Umbrella: Young Indigenous Printmakers
It’s the final week to see the Young Indigenous Printmakers (YIPs) show in Townsville, featuring William Ross State High School & Kirwan State High School students, based on a successful partnership with Umbrella Studio Contemporary Arts.
29 June, 2021
Lakita Dau (William Ross State High School), Mum and baby dugong me, 2021, linoleum-cut ink print on paper, 15 x 30 cm:
My design is inspired by my Torres Strait culture. The dugong and turtle are two common seafood that we hunt and eat. The patterns are our traditional weaves; the dhari is a headdress that the men wear and the mother and baby dugong represents how my mother and I have a close relationship. Both of my parents are proud Torres Strait Islanders and we are a very traditional family.
Gracelyne Budby (William Ross State High School), The Struggle, 2021, linoleum-cut ink print on paper, 15 x 30 cm:
The inspiration of my lino print came about from two of my six totems. The goanna and the serpent are having a battle and are circling each other. The two large dots on the hind legs of the goanna are bite marks from the serpent’s fangs when it attacked. All of the dots up the serpent’s neck are bite marks from the goanna when the serpent was in its jaws. Their battle was quite gory, but in the end, it was powerful. In the end they realised that they were both equal as powerful as each other. This story represents the battle between my two great grandmothers, Mary and Mary.
Terell Anderson (Kirwan State High School), DNA, 2021, linoleum-cut ink print on paper, 15 x 30 cm:
In this artwork I have created there are two red-belly-black snakes that are coming together. These two snakes symbolise bloodlines and the family groups that break from them on either side of the snakes. This artwork uses designs from my family group and depicts an animal from our area in South East Queensland.
Tyani Sirriss (Kirwan State High School), The Land Snake, 2021, linoleum-cut ink print on paper, 15 x 30 cm:
This image shows my connection to my Country and is from the Ingham area, where the snake is sacred to the Mungala Tribe.
Room view of the Young Indigenous Printmakers exhibition by William Ross State High School and Kirwan State High School students.
Q: What were some of the foundation ideas for this exhibition project?
A: Umbrella Studio Contemporary Arts has partnered with Townsville City Council Galleries since 2014 to run the Young Indigenous Printmakers (YIPs) program. The collaborative outreach program seeks to support young Indigenous artists from North Queensland high schools. Through the program, the art students develop greater artistic awareness, knowledge and printmaking skills and further engagement with their cultures. Since 2020, students have been mentored by Eastern Arrente and Kalkadoon artist Martina Ah Sam and established printmaker Margaret Robertson. With the support and guidance of these mentors, the students develop ideas and imagery in their schools, and create and print lino-cut artworks in Umbrella’s Makerspace. The resultant works are then exhibited in Umbrella’s gallery space.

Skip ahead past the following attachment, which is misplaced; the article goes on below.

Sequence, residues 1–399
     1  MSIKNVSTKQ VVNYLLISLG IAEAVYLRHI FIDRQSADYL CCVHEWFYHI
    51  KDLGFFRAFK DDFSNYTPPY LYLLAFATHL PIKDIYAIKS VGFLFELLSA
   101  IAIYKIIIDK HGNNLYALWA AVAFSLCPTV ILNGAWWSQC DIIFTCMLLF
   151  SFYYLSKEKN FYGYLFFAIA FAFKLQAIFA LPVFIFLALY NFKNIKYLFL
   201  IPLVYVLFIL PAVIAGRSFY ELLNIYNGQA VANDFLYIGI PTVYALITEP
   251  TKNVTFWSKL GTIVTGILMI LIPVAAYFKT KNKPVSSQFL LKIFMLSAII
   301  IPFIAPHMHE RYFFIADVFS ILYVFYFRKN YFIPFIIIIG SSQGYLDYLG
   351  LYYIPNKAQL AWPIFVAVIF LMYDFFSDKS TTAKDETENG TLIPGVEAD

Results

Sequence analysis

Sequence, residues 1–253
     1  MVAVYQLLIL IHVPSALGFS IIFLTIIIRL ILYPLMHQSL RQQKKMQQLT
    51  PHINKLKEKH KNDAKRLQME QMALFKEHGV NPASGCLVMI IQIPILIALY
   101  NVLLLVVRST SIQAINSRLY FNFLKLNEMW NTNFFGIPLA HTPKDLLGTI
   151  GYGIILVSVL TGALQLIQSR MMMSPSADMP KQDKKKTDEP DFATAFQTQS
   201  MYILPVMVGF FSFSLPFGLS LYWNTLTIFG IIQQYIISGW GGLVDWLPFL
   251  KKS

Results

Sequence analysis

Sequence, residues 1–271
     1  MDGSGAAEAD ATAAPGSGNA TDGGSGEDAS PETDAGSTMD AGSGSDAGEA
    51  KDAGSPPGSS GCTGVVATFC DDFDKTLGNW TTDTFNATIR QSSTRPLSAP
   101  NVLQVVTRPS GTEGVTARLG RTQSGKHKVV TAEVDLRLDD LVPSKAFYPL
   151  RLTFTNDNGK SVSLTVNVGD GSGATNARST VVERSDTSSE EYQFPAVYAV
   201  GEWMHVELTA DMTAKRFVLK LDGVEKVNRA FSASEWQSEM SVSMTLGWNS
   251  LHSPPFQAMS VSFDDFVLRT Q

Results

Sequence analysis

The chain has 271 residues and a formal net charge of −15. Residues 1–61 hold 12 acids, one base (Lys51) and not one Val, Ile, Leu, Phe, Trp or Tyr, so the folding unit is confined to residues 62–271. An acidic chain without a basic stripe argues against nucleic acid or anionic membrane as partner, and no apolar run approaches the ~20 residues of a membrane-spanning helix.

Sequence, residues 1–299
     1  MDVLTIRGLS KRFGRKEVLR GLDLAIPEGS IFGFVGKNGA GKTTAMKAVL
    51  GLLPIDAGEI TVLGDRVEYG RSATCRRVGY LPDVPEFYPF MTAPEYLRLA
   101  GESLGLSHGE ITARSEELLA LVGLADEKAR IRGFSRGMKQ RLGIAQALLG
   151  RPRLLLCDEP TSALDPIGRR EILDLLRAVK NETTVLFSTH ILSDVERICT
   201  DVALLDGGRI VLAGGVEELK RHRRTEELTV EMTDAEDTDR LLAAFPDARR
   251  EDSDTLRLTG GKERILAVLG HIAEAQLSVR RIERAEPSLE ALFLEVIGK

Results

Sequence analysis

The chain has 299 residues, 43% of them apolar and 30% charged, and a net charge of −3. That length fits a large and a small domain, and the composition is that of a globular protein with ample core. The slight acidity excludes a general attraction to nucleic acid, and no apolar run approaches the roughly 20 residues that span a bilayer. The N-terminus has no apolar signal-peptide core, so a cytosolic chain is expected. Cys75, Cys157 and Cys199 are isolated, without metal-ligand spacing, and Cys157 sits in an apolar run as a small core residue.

Q: How did the artwork selection take place?
A: Each young artist from the participating school’s class has the chance to develop and print an edition of three linocut prints. From each edition, the best print (in terms of registration, print density and a lack of finger-prints or marks) is chosen for the exhibition. The other two prints are allocated to the young artists and their schools for their own internal exhibitions.
Q: How does the exhibition manifest – what do visitors experience?
A: Visitors are presented with a diverse array of graphic, black-and-white linocut prints. The uniformity of size and colour enables the works to be curated into a striking display. Typically, the works are grouped together by the artists’ schools. In some iterations of the YIPs program, the prints were created collaboratively to present one large artwork with individual print segments created by each young artist.
Q: What are some of the key works and what subject matter do they deal with?
A: The artists are encouraged to engage with their Aboriginal or Torres Strait Islander culture/s in terms of subject matter and imagery. Many of the artworks depict the artists’ animal totems, nature and stories passed down from their families. Each of the works are important but the stories for the 4 artworks included here are listed below the Q&As.
Q: What is it about the printmaking experience that you most appreciate?
A: Generally, the moment of realisation and excitement occurs for most of the YIP artists when they ‘pull’ the print back from the lino on the press. For these young artists, it is also a rewarding experience to see their works on display in a contemporary art gallery amidst exhibitions by more established artists.
Young Indigenous Printmakers (YIPs), featuring William Ross State High School & Kirwan State High School students, is at Umbrella Studio Contemporary Arts, 408 Flinders Street, Townsville, until 4 July. www.umbrella.org.au
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